|Syntactic Confectionery Delight|
When I read this post, I zeroed in on: So, “I need to be sure that when I get rid of an object of this class, the cleanup happens immediately.” And my strong recommendation is: “find a way not to have to care about that.”
Reading further, I see that the core problem is that, to this application, “keys” are actually not “temporally unique” at all. As the OP says, “the same key may come back fairly soon.” The application obviously has no control over this: the key, in other words, whatever it may be, is originating from the business.
When something like this happens ... and it does happen a lot in the real world ... I normally solve the problem by treating these “external” keys as surrogate keys. I do not use them to “uniquely” identify the records that the application must store, knowing that (for my technical purposes) they might not be unique. Instead, I generate truly-unique, internal-only keys for the records that I need to store, and I map the business-provided keys to them.
Very importantly: it may well be that there is not a “one-to-one relationship” between the business-provided keys and my internal, known to be really-unique, mappings. (Should be ... “always” swear-to god-and hope-to die should be ... but there ain’t.) And so, ever so much more importantly, in spite of this “inconvenient truth,” my application nevertheless did not fall-down and burn in some kind of “I never thought this could happen to me” heap. The business might have screwed-up, but I’m still standin’. “Priceless.”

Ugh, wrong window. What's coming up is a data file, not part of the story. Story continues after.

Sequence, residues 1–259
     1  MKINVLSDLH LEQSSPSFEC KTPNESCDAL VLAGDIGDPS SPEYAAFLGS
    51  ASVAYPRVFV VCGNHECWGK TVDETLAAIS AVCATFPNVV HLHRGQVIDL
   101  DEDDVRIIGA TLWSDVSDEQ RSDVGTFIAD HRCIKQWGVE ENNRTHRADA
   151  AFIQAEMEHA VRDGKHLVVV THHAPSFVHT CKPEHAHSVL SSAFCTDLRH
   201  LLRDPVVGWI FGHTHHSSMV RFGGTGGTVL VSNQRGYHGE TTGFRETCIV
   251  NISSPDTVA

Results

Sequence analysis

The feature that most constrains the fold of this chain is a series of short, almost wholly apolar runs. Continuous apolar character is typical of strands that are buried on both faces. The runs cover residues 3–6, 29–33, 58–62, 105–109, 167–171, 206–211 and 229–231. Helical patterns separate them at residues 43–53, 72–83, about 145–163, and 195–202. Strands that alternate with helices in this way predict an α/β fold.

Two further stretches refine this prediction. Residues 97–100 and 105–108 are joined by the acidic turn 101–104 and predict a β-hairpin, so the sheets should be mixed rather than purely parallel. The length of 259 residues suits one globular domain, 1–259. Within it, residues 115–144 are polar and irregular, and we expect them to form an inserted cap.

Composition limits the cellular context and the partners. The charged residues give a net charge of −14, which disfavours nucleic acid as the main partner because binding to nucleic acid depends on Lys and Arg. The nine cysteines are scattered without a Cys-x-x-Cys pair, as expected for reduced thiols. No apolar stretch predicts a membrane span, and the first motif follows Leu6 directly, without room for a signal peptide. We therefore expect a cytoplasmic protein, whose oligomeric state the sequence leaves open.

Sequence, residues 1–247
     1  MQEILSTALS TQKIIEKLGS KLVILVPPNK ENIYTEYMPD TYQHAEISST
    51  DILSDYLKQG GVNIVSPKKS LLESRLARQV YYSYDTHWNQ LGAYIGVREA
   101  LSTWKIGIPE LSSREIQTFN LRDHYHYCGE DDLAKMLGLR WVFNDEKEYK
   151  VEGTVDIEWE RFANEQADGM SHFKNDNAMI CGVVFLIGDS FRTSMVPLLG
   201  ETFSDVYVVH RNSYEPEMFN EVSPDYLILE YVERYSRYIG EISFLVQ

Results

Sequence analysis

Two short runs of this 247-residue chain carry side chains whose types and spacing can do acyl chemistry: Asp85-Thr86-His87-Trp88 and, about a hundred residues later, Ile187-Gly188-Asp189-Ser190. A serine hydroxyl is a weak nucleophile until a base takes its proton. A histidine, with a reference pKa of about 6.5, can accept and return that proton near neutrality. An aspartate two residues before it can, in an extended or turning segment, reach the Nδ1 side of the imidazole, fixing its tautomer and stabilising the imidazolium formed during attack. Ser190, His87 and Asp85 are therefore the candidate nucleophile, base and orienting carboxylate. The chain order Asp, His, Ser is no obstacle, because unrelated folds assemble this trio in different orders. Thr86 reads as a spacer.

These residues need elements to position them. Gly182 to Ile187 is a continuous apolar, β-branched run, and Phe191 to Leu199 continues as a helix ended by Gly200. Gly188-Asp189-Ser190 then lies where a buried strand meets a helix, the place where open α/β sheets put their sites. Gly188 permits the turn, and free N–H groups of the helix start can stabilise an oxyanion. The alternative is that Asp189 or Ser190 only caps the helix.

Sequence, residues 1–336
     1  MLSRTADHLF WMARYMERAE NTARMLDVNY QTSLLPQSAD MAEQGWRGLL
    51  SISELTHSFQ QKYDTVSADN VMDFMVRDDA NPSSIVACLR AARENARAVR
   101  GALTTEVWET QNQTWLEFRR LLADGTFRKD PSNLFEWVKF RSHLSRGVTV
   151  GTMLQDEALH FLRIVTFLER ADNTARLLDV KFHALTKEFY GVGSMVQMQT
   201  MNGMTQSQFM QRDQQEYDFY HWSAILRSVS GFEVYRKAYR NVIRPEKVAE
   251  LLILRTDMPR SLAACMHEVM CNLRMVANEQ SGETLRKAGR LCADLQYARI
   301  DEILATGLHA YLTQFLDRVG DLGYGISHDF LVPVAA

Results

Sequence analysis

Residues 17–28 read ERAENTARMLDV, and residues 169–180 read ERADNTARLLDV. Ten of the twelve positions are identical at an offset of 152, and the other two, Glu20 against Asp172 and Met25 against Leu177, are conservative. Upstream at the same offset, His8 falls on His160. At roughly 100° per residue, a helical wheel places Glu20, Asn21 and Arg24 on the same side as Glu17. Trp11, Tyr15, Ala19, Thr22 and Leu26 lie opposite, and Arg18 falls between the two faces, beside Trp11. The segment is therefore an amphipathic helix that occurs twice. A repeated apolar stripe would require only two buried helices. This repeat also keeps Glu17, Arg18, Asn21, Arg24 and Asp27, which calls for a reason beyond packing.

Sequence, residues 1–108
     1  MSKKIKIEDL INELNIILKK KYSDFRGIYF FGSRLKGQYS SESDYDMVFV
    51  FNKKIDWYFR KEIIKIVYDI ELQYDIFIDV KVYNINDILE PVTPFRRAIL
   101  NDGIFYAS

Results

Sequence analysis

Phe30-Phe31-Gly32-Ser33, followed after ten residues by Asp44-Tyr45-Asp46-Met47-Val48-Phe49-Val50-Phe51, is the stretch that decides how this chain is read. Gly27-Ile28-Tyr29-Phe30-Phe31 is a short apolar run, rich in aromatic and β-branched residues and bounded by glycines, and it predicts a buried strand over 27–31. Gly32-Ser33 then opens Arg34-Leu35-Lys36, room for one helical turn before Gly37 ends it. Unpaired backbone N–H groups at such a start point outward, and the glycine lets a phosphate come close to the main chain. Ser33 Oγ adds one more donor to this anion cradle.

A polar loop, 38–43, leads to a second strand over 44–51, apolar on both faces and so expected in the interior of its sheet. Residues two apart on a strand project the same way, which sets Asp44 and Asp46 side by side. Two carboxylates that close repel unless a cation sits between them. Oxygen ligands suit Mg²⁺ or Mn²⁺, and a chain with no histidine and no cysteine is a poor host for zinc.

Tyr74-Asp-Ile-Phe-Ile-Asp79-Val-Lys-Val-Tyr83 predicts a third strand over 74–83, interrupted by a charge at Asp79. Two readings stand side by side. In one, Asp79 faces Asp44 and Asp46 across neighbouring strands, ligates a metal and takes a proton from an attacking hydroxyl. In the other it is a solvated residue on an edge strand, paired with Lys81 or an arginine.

Business-provided identifiers do all sorts of weird things in real life, because human beings are responsible for every bit of it. Well, humans can deal with that sort of thing; computers can’t. So, you have to find a way that the computer can, because in any argument between the computer and a human, the computer is the one that has to budge.
Even when designing the internal storage architecture, I try to avoid having many references-to the same “storage object.” Instead, I assign each object a (application-generated, not disclosed to anyone) random truly-unique key, and refer to it elsewhere using that key. Yes, that involves an additional hash-lookup.
If the business’s way of handling “an identifier” is posing problems to your application ... don’t try to fancy-pants program around it: instead, map what you are given to something else (which you give to no one) which does meet the computer’s requirements. Whatever you do, stay on your feet.